An announcement on the British Library manuscripts blog here tells us:
Phase two of the British Library’s project to digitise all of its ca. 1,000 Greek manuscripts is now well under way. This phase — also generously funded by the Stavros Niarchos Foundation) — will digitise and make publicly available a further 250 manuscripts, adding to the 284 manuscripts digitised in phase one. We are currently about half way through this second phase and plan to publish the digitised manuscripts in batches during the rest of this year on our Digitised Manuscripts viewer.
A new batch of manuscripts has now been published online, and contains 24 manuscripts ranging in date from the tenth to the nineteenth centuries.
Most of us would rather have PDF’s, of course, than this awkward “viewer”.
But it is excellent news indeed that the BL has decided to digitise all its Greek manuscripts, and SNF deserve considerable thanks for making it possible.
There doesn’t seem to be a list of the new mss available, tho.
Another interesting announcement of the same kind is that medieval and early modern “scientific” mss will be digitised:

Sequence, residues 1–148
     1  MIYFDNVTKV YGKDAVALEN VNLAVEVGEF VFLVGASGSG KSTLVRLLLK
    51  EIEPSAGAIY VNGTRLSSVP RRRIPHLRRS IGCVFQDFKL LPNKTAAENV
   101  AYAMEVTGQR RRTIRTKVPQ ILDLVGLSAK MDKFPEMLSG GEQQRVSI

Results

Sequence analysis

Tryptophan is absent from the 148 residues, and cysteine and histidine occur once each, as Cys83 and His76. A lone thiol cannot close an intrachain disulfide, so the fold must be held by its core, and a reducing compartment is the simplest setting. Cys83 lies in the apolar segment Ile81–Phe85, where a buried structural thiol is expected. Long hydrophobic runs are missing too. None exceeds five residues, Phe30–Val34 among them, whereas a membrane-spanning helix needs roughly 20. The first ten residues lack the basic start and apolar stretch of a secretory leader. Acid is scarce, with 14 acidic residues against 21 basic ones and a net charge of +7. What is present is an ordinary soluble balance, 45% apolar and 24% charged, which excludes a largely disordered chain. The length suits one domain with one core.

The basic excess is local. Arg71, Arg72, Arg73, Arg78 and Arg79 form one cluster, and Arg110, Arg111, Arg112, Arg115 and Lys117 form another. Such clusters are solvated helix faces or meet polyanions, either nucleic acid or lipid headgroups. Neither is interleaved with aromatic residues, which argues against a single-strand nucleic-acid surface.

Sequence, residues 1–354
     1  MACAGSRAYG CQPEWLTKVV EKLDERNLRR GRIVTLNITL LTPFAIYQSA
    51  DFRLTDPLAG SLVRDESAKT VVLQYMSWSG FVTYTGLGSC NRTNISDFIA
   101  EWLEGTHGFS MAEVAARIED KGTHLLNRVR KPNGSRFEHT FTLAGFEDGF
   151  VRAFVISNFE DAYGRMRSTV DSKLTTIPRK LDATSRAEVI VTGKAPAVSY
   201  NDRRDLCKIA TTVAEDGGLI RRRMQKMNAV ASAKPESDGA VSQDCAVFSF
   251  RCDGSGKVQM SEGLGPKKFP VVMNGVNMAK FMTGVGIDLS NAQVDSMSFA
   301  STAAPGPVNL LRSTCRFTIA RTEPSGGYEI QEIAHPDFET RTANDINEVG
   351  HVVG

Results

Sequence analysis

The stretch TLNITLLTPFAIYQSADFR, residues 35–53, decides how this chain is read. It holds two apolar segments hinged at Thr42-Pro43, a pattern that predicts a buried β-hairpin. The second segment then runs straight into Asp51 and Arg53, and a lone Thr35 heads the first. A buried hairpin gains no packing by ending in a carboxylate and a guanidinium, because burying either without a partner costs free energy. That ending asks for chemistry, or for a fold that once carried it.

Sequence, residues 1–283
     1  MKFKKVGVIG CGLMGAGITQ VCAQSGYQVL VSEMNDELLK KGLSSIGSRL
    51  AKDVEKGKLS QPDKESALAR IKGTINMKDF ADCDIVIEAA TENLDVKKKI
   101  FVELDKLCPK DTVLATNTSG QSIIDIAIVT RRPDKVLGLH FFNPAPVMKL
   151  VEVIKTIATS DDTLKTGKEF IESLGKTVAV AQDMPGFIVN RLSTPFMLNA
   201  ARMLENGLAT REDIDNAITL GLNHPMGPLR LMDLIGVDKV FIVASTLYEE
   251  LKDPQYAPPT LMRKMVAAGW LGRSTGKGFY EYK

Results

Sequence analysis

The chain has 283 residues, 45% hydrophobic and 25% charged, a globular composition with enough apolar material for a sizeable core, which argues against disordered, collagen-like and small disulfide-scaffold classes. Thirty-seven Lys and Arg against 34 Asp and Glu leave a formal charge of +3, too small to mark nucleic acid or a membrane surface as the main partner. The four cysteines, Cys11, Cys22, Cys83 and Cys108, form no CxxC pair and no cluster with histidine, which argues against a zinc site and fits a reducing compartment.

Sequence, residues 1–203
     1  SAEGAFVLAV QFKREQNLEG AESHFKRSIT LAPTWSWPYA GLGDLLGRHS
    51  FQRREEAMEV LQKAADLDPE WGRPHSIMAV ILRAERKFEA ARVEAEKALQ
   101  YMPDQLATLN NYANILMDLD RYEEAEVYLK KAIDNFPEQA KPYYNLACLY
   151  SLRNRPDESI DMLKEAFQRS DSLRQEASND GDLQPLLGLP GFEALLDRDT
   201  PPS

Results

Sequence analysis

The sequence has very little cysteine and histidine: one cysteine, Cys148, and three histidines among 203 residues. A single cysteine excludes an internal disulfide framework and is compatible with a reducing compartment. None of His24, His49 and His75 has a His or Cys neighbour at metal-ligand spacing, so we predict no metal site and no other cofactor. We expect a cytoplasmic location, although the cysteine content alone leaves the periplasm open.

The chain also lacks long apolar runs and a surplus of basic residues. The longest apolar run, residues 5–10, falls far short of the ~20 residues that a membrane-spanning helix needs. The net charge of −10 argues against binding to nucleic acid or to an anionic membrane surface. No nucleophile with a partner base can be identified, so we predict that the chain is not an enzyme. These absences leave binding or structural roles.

… the British Library has embarked on a project to digitise some of its most prestigious medieval and early modern scientific manuscripts. Funded by a generous private donation, the project will supply complete coverage of selected items from the Harley collection, augmented by revised catalogue records for the books in question.
Medieval and early modern manuscripts are vital for transmitting ancient scientific thought to the modern world.
Evidently not by the same donor, but this too is welcome. For many ancient technical works remain unpublished and inaccessible. This may help quite a bit.